A mother-of-pearl inlaid black lacquer incense stand
Height: 26 in, 66 cm
Of square section, the top, with a pierced, constricted waist and a shaped apron, stands on four hipped cabriole legs that are supported on a platform base, also with a pierced waist. The top is inlaid in mother-of-pearl with a square panel depicting a procession of three mounted figures and six attendants passing through a gate, watched by two ladies in a pavilion, and two attendants, one of whom peeks round the door of another pavilion in which stand an incense table, a censer and an incense-stick holder. The panel is enclosed by a geometric diaper border. The platform is similarly decorated with a panel of a peacock amid flowers and rocks. The apron is inlaid with cartouches of squirrels and vine, and the legs and waists with leafy flowers and diaper patterns.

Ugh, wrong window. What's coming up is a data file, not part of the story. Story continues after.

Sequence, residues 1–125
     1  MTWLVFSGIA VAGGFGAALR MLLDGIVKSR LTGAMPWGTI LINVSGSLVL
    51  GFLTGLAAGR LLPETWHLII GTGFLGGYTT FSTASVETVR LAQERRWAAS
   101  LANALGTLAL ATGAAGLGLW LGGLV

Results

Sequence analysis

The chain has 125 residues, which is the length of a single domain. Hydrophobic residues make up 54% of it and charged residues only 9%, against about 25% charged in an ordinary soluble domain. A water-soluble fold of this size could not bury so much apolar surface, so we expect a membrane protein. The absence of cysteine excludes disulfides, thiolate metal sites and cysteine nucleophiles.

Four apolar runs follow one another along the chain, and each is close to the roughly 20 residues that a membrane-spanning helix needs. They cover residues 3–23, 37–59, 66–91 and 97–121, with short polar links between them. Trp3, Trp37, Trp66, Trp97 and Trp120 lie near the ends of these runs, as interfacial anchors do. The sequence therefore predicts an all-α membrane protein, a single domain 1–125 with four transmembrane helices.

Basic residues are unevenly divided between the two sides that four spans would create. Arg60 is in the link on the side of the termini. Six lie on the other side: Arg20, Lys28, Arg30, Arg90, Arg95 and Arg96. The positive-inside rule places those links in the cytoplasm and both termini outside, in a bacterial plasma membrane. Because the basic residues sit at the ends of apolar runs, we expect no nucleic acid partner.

For similar examples, see Bukchon Art Museum, East Asian Lacquer, nos. I-66 and I-67, pp. 122–3, dated fifteenth to sixteenth century, and no. I-68, p. 123, dated sixteenth to seventeenth century; Catalogue of the International Exhibition of Chinese Art, 1935–6, no. 1546, in the collection of the Musée Guimet, Paris; Chugoku No Raden, no. 46, p. 93, dated fifteenth century; Exhibition of Mother-of-Pearl Inlay in Chinese Lacquer Art, nos. 75 and 77, both dated fifteenth to sixteenth century, and the latter in the collection of the Itsu-o Art Museum, Osaka; Kwan, Chinese Lacquer, no. 42, pp. 168–9, dated circa early fifteenth century; and Wu, Selected Masterpieces of Asian Art: Museum of Fine Arts, Boston, no. 167, pp. 178–9,dated early sixteenth century.
See also an octagonal lacquer tray inlaid with a similar scene in Watt and Ford, East Asian Lacquer: The Florence and Herbert Irving Collection, no. 58, pp. 131–2, dated fifteenth century.